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Shop for Success

Sarah Cox, co-founder of The Charity Shop Gift Card, shares the inspiraton for the multi-retail gift card that rethinks how both consumers and support agenices can use charity shops.

This is a feature from Issue 16 of Charitable Traveller.

What is The Charity Shop Gift Card?

It’s the only multi-retailer gift card that can be spent exclusively in charity shops. It’s currently accepted in Marie Curie, Shelter, The Children’s Society, YMCA, Crisis, Traid and lots of hospice shops, and we’re on target to increase that to nearly 2,000 shops across the country in the next few months. There are two sides to the card – first is the consumer side, with people buying the gift cards (they’re available in supermarkets and lots of online retailers including Amazon) as an alternative to fast-fashion gift cards. We’re the sustainable option, and I think charity shops are really coming into their own now with sustainable fashion.

Then there’s the support sector side, whereby councils, other charities, and other support organisations can buy the cards and distribute them to their service users. For example, we work with Warrington Borough Council who use it as part of their local welfare assistance. You can get so many essentials in a charity shop – from clothing to furniture, homewares and white goods – that it doesn’t make sense to buy new when they already exist, plus you can support a charity at the same time. We always say it’s two good causes for the price of one – the card helps somebody in need, and it also helps a charity to support the community and continue their amazing work.
As a social enterprise, most of our profits go to funding free cards for support agencies. What’s really nice about the two sides of the gift card is that the consumer side helps offset any potential stigma that people may feel if they’re receiving it as part of a support package. When you go into a charity shop to spend it there’s nothing to identify you as being in need.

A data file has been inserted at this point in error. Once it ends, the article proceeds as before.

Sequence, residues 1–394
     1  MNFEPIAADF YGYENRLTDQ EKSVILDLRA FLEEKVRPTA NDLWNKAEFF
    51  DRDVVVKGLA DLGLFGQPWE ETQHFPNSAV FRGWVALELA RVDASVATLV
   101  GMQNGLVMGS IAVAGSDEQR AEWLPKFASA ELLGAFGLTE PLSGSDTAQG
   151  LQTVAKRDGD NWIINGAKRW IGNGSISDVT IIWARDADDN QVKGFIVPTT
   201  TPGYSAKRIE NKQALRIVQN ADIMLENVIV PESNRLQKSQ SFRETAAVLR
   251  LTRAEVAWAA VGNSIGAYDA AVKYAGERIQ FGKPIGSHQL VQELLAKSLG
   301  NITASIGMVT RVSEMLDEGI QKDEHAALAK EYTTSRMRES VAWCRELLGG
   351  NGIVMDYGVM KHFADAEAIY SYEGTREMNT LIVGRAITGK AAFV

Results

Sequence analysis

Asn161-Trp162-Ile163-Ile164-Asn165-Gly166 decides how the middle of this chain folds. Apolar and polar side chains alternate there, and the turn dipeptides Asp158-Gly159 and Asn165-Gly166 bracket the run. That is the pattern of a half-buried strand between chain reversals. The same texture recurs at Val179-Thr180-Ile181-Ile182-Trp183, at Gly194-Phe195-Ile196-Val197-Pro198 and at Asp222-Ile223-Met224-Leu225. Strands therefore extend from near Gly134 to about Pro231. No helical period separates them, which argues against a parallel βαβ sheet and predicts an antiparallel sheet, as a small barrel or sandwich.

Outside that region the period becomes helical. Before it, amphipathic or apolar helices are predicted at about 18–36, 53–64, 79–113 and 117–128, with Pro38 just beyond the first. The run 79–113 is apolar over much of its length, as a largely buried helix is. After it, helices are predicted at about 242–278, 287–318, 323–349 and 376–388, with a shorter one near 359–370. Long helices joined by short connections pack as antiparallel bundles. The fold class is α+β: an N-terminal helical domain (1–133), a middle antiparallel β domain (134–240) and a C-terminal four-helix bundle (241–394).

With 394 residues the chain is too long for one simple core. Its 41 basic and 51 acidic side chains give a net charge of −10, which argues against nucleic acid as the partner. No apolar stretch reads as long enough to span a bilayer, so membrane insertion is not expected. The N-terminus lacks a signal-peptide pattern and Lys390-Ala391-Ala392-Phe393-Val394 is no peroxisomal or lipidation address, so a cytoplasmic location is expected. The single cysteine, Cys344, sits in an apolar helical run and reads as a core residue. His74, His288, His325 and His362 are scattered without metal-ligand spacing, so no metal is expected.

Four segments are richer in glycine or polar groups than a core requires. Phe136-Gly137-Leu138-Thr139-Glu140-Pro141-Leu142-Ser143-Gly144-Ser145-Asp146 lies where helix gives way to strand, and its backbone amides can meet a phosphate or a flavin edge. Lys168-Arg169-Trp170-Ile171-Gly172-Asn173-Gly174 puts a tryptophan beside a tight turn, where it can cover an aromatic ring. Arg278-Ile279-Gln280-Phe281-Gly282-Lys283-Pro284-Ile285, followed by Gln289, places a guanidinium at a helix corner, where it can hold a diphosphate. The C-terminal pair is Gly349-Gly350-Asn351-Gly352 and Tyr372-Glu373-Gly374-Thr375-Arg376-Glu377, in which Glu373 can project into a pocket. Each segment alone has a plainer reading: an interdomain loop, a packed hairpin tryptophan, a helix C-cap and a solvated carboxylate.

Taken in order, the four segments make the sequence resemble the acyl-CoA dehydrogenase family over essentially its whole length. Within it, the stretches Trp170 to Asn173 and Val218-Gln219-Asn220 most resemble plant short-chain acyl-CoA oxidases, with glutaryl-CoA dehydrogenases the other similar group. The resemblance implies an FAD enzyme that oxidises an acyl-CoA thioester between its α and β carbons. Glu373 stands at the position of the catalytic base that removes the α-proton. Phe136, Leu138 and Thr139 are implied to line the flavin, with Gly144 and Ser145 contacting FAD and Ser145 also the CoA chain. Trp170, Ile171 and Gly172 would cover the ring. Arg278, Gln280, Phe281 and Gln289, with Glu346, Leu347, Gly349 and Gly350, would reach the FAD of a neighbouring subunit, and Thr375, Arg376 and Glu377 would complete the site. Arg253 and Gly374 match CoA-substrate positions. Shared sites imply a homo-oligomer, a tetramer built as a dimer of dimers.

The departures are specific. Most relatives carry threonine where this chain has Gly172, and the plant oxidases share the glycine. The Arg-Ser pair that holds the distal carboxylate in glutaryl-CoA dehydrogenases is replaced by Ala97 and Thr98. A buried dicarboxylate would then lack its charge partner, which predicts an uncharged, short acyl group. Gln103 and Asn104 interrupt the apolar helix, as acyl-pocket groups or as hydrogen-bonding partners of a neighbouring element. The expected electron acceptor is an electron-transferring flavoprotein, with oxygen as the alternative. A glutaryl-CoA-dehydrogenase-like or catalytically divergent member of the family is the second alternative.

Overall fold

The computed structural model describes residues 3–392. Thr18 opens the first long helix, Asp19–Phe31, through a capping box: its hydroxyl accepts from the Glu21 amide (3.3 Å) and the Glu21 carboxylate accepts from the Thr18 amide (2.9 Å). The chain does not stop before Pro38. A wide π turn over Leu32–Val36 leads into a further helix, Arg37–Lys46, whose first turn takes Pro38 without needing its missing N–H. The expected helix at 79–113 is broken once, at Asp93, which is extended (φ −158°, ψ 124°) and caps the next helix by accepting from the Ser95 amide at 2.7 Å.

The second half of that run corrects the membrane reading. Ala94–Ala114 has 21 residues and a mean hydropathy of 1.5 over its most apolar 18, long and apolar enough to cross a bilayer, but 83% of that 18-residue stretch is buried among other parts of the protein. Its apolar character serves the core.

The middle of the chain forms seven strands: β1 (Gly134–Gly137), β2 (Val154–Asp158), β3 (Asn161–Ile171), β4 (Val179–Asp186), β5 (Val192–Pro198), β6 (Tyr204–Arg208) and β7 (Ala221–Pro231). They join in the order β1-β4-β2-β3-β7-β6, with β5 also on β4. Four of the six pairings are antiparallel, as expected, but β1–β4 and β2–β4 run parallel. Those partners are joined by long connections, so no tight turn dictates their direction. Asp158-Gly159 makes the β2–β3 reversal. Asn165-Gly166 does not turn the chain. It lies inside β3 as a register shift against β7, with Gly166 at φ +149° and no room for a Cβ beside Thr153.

Where did the idea come from?

My marriage had broken down in 2019 and I ended up fleeing with my four kids and taking nothing with us. Initially we needed clothing, but then when we moved into a house I needed everything, from beds for the kids to cutlery and toys. I remember needing a potato peeler and it really hit me, you just don’t realise how much stuff you accumulate in the home and when you have to replace it all, there’s so much. We were in a very privileged position where friends, family and colleagues were able to help us, but a couple of things really struck me. The first is how important choice is. Of course, I was grateful to be given stuff, but I didn’t realise how much it can impact your mental health and your self-esteem when that autonomy is taken away.
Secondly was how humiliating it felt that everyone knew my life was in crisis. Yes, the help was amazing, but I was also aware that not everyone is in such a fortunate position as to be able to access help. What happens to these people? I previously worked as a teacher in an inner city school so I’d seen the impact on children whose families were struggling, and after I had to leave my job I was on benefits and going to food banks. so I’ve experienced all that stigma.